The truth is that this 'work until you drop' mentality coupled with decreasing job security and real terms pay cuts will not attract artistic and creative people nor high quality graduates to our profession.
The pensions reforms have been exposed for what they are, part of an attack on the public sector and a ham-fisted attempt to reduce a deficit caused by an irresponsible and poorly regulated financial sector.
The consequences have not been thought through and this 'great pensions robbery' has proved to be a highly reckless and irresponsible way for a government to treat a vital and valuable public service.
Pensions will feature as part of our debate at this AGM. The Cabinet Secretary is aware of this, generally sympathetic to our concerns, but seems fairly relaxed about it as an issue for the future. But it is not an issue for the future, it is an issue that needs to be addressed now.
Politicians of all hues need to be left in no uncertain terms that, whether Scotland votes yes or no in the referendum, inaction is not an option. We need to have a proper discussion on what is a reasonable career length for teachers.
For me 60 to 65 was a step too far for it did not leave enough flexibility for those suffering the ill-health that often accompanies the ageing process or for those experiencing the well documented phenomenon known as 'teacher burnout'.
As for the immediate future the progress in sidebar discussions on working longer have been disappointing thus far. We need a genuine, tangible commitment from the Scottish Government.
Following the acceptance by our members of a package on pay and conditions we must now turn our attention to our future pay strategy. The trouble with depressing public sector pay to the level the Con Dems have is that it is a short term measure that stores up trouble in the longer term.
The United Kingdom is still one of the wealthiest countries in the world. Of course there is money to spend on what is important. Growth predicated on suppression of the public sector is neither economically or morally prudent nor is it acceptable to our members.
When we come to talk about restorative pay for teachers, which we inevitably will, it is interesting to reflect on the vision of a Masters level profession with its 30% Masters premium in pay (according to the OECD), in order to attract the highest quality graduates.
This is one of the big questions politicians have to answer in the lead up to the referendum vote in September and, indeed, the next general election - others include how exactly can teachers and schools deliver a new curriculum, a new examination system, early years and ASN provision in a climate of continuing cuts?
At the very time the MSPs are voting the Children and Young People's legislation through the Scottish Parliament, schools are struggling to provide the most basic of support for their pupils.
Getting it right for every child will not happen unless there is a significant investment in resources, unless there are enough teachers in classrooms, unless there are enough properly remunerated supply teachers.
We truly are at a crossroads in education where government must choose what its priorities are.
Does it want a properly funded system of CPD and professional update, properly resourced schools, a properly supported and trusted teaching profession and one which does not feel that its health and wellbeing and work life balance are being compromised by the ridiculous and unsustainable demands put upon it?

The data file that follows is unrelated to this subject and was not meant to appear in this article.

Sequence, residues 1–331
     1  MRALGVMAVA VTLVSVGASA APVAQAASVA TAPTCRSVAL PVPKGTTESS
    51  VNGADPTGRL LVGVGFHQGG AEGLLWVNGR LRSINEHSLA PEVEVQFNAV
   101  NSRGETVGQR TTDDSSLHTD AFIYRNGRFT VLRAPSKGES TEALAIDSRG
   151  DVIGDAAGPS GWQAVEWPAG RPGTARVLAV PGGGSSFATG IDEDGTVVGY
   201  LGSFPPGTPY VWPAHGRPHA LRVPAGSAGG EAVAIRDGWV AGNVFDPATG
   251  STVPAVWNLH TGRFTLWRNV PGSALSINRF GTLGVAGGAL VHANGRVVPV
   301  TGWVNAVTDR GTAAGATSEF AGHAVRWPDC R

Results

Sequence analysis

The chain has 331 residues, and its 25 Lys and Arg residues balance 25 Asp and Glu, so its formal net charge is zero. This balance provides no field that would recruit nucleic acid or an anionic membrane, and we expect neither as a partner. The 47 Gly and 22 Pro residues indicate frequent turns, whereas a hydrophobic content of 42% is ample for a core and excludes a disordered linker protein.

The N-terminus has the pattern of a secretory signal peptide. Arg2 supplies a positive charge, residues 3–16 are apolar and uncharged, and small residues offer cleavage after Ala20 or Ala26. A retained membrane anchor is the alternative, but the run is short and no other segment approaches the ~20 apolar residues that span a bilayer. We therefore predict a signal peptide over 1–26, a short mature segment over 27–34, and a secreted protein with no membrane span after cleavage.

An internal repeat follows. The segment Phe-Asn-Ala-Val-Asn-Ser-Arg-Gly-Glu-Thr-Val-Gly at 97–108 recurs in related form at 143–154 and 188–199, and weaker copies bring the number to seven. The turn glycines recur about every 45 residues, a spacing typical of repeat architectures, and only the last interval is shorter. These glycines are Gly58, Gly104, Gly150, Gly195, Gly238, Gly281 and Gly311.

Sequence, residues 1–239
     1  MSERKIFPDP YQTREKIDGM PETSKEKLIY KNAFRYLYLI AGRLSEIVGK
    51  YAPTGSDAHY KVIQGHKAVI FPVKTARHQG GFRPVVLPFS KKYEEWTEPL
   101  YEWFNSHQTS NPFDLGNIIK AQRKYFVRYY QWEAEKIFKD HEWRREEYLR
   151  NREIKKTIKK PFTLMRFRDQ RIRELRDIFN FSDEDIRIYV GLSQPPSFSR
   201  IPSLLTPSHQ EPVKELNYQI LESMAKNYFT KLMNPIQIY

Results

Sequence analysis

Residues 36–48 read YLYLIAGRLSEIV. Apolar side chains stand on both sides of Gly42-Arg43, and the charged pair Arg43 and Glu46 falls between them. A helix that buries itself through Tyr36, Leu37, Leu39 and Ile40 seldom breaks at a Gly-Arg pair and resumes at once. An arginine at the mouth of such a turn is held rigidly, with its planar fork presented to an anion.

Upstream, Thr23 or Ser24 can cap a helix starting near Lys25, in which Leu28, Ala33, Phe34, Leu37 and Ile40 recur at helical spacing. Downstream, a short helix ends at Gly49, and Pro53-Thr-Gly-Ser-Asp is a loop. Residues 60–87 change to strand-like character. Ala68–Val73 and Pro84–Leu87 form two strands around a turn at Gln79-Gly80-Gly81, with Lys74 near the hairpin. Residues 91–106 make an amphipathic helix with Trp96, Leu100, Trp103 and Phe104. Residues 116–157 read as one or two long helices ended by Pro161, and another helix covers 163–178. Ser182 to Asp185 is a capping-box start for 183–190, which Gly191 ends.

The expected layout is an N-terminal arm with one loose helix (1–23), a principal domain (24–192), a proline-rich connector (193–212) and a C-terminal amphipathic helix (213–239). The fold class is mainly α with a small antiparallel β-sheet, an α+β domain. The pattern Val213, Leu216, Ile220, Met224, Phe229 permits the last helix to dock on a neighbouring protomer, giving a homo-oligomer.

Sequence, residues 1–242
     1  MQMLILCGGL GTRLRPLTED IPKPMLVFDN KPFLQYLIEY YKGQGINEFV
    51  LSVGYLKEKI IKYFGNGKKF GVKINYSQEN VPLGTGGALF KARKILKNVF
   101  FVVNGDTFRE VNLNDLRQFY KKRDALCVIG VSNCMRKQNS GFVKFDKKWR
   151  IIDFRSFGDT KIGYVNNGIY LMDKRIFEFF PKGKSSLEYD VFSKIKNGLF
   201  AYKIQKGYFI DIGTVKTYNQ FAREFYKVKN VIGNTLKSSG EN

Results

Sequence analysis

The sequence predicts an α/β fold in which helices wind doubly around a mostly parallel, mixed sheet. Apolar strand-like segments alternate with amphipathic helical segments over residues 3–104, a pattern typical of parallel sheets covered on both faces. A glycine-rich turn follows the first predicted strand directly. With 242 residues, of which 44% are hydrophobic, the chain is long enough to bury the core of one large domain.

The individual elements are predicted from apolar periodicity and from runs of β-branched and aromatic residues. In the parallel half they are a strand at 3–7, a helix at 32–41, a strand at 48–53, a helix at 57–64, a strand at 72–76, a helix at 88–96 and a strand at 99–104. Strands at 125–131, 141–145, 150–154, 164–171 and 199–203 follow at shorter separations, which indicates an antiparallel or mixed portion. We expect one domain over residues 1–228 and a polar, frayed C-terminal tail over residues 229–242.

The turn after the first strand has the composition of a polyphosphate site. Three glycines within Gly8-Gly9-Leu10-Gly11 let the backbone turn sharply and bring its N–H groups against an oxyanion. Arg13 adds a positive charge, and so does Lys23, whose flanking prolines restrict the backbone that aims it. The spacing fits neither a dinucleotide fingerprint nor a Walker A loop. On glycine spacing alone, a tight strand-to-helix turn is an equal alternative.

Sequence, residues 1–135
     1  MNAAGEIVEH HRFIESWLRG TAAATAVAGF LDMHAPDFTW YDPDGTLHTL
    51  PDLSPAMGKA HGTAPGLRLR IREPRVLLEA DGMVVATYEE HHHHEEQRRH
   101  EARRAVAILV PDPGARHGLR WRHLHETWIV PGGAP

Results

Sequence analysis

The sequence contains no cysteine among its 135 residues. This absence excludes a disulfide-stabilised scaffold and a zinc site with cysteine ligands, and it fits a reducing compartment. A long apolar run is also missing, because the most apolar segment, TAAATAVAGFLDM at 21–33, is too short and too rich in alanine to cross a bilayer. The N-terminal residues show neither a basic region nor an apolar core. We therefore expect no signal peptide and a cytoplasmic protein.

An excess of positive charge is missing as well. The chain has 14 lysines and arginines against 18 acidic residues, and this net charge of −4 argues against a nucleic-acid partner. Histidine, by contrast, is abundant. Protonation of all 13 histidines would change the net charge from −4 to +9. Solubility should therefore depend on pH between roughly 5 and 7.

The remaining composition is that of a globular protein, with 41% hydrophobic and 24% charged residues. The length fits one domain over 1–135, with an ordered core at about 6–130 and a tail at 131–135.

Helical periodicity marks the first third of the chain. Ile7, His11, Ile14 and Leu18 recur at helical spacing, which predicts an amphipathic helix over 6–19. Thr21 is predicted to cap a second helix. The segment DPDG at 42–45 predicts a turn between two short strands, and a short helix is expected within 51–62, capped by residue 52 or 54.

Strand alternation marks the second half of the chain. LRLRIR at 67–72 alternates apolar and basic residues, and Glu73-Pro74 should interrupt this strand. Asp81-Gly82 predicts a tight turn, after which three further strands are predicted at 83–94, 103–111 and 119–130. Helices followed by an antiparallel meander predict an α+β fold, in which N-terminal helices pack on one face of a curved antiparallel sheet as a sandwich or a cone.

Does it really care about the importance of early years provision and, if so, why is the service expanding at a time when the number of teachers is contracting?
Does it really have a plan for realising the laudable aims of the report of the commission on developing Scotland's young workforce and actually providing positive and sustained destinations for our 16 to 24 year olds? Will it give schools and colleges the funding to make this dream a reality?
What is it going to do to bring stability to our university and college sectors when members' pay and conditions are attacked on a regular basis by unscrupulous employers?
There is a very real sense in which issues like college regionalisation and a return to national bargaining are at that pivotal crossroads moment. Cutting college funding has not been helpful in this regard!
And, probably the biggest agenda of all, the scourge of poverty and inequality. At the last Scottish Learning Festival Mike Russell referred to Robert Owen's 'A New View of Society' and spoke of the need to 'act on homes blighted by poverty' and to 'invest in vulnerable children'.
Of course, we agree. But change needs action if rhetoric is to become reality. We need to get behind the common weal approach and face up to the fact that poverty is a failure of economics and must be fixed economically.
We have come a long, long way since the days of another Robert, not Robert Owen but Robert Johnson who lived in the first part of the last millennium. Robert did not have the chance of an education to escape from poverty. He died, aged 27, after drinking whisky poisoned by a jealous husband and had no money for a doctor.
The crossroads he stood at offered him little choice but today we do have a choice and we need to exercise that choice.
Our partners in education and those who manage education must come with us on a road not into the educational cul-de-sac that we have become so used to, but on a road less travelled, perhaps, where they are prepared to stand up for education and listen and act upon the voice of the professionals.